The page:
This new national body, an executive agency of the Department of Health, takes up its full responsibilities on 1 April 2013.
Using the new public health outcomes framework to measure our health for the next three years, PHE will help bring about fundamental improvements in the public’s health and wellbeing, by focusing its energies on five key priorities:
helping people to live longer by reducing preventable deaths from conditions such as heart disease, stroke, cancer and liver disease
increasing healthy life expectancy by tackling conditions which place a burden on many lives, such as anxiety, depression and back pain
protecting the population from infectious diseases and environmental hazards, including emerging risks and the growing problem of antimicrobial resistance
supporting families to give children the best start in life, through working with health visitors, Family Nurse Partnerships and the Troubled Families Programme
helping employers to facilitate and encourage their staff to make healthy choices
Duncan Selbie, chief executive of PHE, said:
“For the first time in 40 years local authorities will have a legal responsibility for improving the health of their communities. Local government is the natural leader for this task – they will be able to place health and wellbeing in the wider context of the local economy, housing, leisure, education, crime and community resilience, and have the skills, knowledge and passion to provide public health services designed for the needs of their local population.
“PHE’s role will be to encourage and inspire. We will support national and local government and the NHS by providing professional advice, knowledge and evidence, and help people to make healthier choices. We will also nurture the development of the public health system and the professional workforce, and regularly report on outcomes and progress – promoting success and having the courage to challenge where required.”
“The recent publication of the Global Burden of Disease study, which found that levels of ill health in the UK are above average compared with 18 other countries for most conditions, was a real wake-up call for the UK, as well as an opportunity.
“Smoking, high blood pressure, obesity, physical inactivity and alcohol are five main risk factors for ill-health and many of the major causes of premature death. Poor mental health, substance abuse and musculoskeletal disorders such as back pain, are among the main drivers for disability. The reality is that nearly all of these conditions are either preventable or can have less of an impact when diagnosed early. PHE has the opportunity to make a substantial difference to people’s lives, and reduce the tremendous psycho-social and economic burden of poor health on our society.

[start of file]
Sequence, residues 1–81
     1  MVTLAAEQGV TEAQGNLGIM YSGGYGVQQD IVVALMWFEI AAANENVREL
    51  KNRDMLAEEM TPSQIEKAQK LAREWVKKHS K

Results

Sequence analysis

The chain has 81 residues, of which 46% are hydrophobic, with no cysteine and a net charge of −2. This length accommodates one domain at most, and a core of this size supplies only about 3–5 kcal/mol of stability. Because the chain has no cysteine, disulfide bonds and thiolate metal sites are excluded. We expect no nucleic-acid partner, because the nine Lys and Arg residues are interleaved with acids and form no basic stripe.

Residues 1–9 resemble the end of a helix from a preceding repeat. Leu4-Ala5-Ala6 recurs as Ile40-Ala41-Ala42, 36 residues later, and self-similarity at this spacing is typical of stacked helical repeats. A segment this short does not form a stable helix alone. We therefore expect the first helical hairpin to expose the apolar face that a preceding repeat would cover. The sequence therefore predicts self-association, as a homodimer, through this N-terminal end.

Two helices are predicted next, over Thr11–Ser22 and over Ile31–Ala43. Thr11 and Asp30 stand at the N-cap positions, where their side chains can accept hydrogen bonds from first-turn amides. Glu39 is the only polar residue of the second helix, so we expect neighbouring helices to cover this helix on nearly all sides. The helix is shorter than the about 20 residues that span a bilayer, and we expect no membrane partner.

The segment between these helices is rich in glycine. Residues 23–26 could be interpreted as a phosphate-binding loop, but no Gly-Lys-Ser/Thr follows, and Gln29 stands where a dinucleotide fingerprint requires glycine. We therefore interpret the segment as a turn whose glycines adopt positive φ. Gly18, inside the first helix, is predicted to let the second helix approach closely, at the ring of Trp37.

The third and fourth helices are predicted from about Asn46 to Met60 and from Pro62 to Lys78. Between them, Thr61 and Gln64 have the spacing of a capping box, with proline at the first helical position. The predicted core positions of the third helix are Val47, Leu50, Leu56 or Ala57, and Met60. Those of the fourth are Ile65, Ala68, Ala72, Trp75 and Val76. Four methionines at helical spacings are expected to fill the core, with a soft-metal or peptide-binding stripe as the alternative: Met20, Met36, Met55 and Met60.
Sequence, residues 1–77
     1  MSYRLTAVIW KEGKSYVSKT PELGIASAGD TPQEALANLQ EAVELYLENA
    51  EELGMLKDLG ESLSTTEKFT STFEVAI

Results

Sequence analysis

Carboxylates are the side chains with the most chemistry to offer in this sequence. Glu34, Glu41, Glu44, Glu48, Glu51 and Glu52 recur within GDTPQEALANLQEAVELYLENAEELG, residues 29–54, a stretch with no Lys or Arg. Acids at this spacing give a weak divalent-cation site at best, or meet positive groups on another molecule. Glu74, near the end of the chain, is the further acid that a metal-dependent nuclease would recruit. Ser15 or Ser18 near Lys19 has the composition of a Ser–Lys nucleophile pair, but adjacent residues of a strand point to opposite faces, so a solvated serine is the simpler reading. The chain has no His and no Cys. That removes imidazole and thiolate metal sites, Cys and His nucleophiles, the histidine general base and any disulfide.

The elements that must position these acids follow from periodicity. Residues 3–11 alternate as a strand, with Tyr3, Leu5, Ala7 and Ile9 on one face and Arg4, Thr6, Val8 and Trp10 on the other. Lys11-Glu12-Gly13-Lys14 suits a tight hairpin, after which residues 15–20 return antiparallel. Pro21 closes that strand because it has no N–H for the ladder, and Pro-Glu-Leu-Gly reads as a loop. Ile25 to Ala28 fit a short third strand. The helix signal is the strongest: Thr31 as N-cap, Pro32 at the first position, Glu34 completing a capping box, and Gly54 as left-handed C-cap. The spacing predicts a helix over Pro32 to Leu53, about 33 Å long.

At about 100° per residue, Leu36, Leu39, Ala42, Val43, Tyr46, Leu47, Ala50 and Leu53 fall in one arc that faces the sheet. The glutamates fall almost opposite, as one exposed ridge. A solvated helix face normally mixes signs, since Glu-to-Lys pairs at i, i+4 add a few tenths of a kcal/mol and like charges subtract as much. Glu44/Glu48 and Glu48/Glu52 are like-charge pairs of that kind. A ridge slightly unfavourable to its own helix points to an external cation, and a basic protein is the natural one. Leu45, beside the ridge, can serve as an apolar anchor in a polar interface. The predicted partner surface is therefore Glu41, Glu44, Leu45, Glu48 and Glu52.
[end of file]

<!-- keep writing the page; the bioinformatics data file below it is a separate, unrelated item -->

“If we are to help people live longer, healthier lives, the broader health system urgently needs to intensify efforts in these areas. And we need to redress a historic imbalance by focusing as much on the prevention of ill health and the promotion of wellbeing as we do on ensuring effective, high quality and accountable clinical care and rehabilitation services.
“Ultimately, in order to really make a difference in improving our nation’s health, concerted action will be required, with individuals, families, local communities, local councils, the NHS and government all taking responsibility and working together towards a healthier population. We already have a range of effective tools for individuals, clinicians and policymakers to respond to these health challenges. We need to apply and scale-up what we know works. And we need the will to make this happen.
“The creation of PHE and the movement of public health into local authorities are huge transformational opportunities for improving the public’s health, and there could be no better time to do things differently. PHE is in a unique position in that it can take a wide overview of public health and the causes of ill health. We will work alongside local authorities and the NHS to ensure national and local resources are directed towards the areas where attention is needed most and the biggest improvements can be made to meet the needs of our demographically changing population.”
Notes to editors
Public Health England is a new executive agency of the Department of Health that will take up its full responsibilities on 1 April 2013. PHE will work with national and local government, industry and the NHS to protect and improve the nation’s health and support healthier choices and will be addressing inequalities by focusing on removing barriers to good health. To find out more visit our website www.gov.uk/phe, follow us on Twitter @PHE_uk
Sender bodies moving into PHE include the Health Protection Agency, National Treatment Agency, Public Health Observatories, UK National Screening Committee and NHS cancer and non-cancer screening programmes, Cancer Registries, Quality Assurance Reference Centres, Strategic Health Authorities, Specialised Commissioners and parts of the Department of Health, including Public Health Marketing.
Public Health England Press Office
Tel: 0208 327 7901
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